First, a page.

Few women find role models in IT

Our article on “Women’s Experience of Role Models in IT” is now published.

Relevant role models are individuals that we can identify with. Our study among women in IT in Norway shows that:

Rolemodels wcMost women identify relevant role models among other women, rather than among men.

Few women identify role models in in fields of information technology.

Many women missed having female role models in IT.

And many found “substitute” role models from other fields, national politics or among networks of female friends.

Female role models are, as one of the women we interviewed said,

“important as a door opener. […] I think that makes things easier. It is not necessary, but it makes things easier.”

You can read the full paper (open access) here, where we present a model of responses reflecting a lack of female role models in IT:  https://www.idunn.no/modeller/18_womens_experience_of_role_models_in_it_landmark_women

Corneliussen, H. G., Seddighi, G., & Dralega, C. A. (2019). Women’s Experience of Role Models in IT: Landmark women, substitutes, and supporters. In Ø. Helgesen, E. Nesset, G. Mustafa, P. Rice, & R. Glavee-Geo (Eds.), Modeller: Universitetsforlaget. DOI: 10.18261/9788215034393-2019-18.

First and second education – routes to IT competence for women

two women smiling to each other
Photo by rawpixel.com on Pexels.com

In our study of women working in technology-driven careers, primarily with IT and digitalization, we have interviewed almost 40 women in Norway. One of our findings show that many women come to work with IT and digitalization via a detour: many of them started with a “gender traditional” education, in humanities, social sciences or healthcare, but then at a later stage changed to IT, or added IT courses to their education. Our findings suggest that this “detour” is related to how girls’ choices and the advices that the young women get from parents, teachers etc., are still to a certain degree guided by gendered stereotypes and seeing IT as a male dominated field. However, when women at a later stage have to relate to IT in working life, also in traditional female dominated fields like health care, they change their view upon IT and what IT represent.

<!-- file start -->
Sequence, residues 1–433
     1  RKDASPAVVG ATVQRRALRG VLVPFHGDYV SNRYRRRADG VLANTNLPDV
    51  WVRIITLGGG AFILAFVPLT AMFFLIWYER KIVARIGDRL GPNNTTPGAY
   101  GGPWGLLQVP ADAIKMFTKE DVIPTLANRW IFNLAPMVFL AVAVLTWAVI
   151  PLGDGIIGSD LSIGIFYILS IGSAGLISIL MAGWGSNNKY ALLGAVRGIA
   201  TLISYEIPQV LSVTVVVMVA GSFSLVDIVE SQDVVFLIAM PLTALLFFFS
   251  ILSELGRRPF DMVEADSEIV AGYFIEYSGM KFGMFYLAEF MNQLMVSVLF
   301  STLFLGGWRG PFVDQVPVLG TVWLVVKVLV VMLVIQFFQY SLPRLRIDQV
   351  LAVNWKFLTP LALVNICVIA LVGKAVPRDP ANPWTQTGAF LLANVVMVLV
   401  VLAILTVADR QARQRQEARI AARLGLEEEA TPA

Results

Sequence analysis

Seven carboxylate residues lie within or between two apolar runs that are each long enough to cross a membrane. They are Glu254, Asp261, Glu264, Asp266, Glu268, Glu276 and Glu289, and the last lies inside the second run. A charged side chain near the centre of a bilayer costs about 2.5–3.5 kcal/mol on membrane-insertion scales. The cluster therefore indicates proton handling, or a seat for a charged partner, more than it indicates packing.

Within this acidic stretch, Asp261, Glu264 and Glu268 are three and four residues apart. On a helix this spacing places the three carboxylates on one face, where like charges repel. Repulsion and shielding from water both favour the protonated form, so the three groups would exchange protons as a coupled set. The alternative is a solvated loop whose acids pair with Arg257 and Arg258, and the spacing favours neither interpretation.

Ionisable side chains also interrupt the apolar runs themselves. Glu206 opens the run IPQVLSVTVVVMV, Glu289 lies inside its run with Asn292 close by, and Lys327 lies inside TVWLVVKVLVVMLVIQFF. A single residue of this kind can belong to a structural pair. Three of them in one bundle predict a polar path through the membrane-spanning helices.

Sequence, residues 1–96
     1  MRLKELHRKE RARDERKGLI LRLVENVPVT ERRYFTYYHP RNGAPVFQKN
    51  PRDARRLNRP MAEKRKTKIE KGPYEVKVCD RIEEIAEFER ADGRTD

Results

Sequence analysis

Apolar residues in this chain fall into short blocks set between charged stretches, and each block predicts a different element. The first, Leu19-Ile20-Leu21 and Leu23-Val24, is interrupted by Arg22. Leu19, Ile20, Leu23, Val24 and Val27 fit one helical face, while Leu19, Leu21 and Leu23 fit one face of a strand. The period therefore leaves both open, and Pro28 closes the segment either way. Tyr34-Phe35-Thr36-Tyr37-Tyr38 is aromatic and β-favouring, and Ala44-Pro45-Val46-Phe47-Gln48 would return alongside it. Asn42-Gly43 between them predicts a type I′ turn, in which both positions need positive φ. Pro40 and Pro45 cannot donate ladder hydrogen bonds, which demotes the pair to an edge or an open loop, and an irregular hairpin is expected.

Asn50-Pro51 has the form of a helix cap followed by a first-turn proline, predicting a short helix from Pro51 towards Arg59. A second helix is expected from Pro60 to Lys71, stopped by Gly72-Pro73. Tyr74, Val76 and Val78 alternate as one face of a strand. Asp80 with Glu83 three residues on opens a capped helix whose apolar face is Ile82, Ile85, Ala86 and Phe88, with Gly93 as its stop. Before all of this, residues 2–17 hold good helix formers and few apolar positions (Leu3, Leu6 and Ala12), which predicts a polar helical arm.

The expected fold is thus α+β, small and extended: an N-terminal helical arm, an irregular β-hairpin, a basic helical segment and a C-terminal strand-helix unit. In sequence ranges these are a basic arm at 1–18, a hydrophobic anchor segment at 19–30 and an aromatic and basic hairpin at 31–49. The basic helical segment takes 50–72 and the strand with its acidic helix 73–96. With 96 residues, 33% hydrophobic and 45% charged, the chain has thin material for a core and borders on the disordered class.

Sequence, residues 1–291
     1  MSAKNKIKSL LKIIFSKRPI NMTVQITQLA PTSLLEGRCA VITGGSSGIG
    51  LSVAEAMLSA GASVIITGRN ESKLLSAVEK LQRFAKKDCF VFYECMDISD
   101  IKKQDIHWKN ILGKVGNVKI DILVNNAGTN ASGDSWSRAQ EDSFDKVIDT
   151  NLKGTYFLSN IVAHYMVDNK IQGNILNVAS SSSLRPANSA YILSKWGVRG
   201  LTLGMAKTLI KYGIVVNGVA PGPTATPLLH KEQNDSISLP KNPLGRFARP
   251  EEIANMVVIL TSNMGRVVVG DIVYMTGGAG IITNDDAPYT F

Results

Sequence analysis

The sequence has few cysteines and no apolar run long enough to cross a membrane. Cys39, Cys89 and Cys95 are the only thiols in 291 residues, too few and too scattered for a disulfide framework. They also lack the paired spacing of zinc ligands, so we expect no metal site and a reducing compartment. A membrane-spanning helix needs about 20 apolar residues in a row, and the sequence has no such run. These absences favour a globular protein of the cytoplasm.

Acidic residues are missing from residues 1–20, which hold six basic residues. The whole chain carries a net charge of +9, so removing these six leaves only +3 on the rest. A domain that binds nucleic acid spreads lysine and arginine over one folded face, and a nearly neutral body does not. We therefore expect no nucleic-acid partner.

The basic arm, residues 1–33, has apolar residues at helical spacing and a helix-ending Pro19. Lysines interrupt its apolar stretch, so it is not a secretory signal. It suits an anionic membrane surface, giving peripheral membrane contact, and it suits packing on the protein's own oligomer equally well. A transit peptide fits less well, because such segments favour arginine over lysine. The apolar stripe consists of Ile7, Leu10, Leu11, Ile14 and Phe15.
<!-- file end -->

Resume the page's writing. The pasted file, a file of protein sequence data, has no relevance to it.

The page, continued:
To draw some conclusions from this, first, it is important that girls are introduced early to the wide and varied meanings of IT and digitalization in current working life. Perhaps more girls will choose IT education and find IT related work attractive when it appears in pair with other fields, like ehealth, like we see among the women we have interviewed.

Our study also suggests that continuing education can be an important contribution in providing women with a competence that they to a lesser degree than men acquire through their first educational choices, as women are still a minority among IT students in Norway.

Seminar on Gender Equality in Research and Innovation, 18 Sept 2019

The Nordic countries are often regarded as already gender equal. However, in comparison to gender equality in European research and innovation, we are falling behind. A lack of equality means a loss of resources and diversity in research and innovation. Accordingly, new ways of promoting gender equality are needed in Finland, as well as collaboration between local, national and multi-national actors.

In collaboration with the Council for Gender Equality (TANE), NORDWIT is arranging a seminar on 18 September 2019 in Helsinki on this topic.
Join us in discussing how we can collaborate to promote gender equality in research and innovation!

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We will hear from both researchers and research and innovation policymakers at the seminar. There will be addresses from national financiers of innovation from both Finland and Sweden, as well as a European perspective and a panel discussing the subject on a regional level.

For more information about the seminar, its programme and registration, please visit the website: https://events.tuni.fi/gender-equality-seminar-18092019-eng/



Perspectives, reflections, and insights about women and digital work by women in digital work

By Bridgette Wessels

Glasgow Social and Digital Change Group – Women in Digital Work seminar

Current trends such as robotics and autonomous systems and AI deepen the pervasive and ubiquitous presence of the digital in social and work relations.  Although these changes are uneven and are developing in different ways they raise new questions about work as well as asking us to return to older questions and issues.  Gender and technology is one area in which digitalisation relates to how women work, where they work, what they do and how their work is valued.  Questions about how women experience, adapt to, have the power to shape work remain important in the negotiation of new types of work as well as some of the more established types of work. During periods of social and technological shifts, there is often a struggle between continuity and change, adaptation and resistance, hope and despair.  A roundtable event held by the Glasgow Social and Digital Change Group at the University of Glasgow on the 22nd of May 2019 sought to explore the experiences, struggles and negotiations of women currently undertaking digital work and to reflect on these to offer perspectives and insights into women in digital work.  The event was very well attended with not a spare seat in the room. Continue reading “Perspectives, reflections, and insights about women and digital work by women in digital work”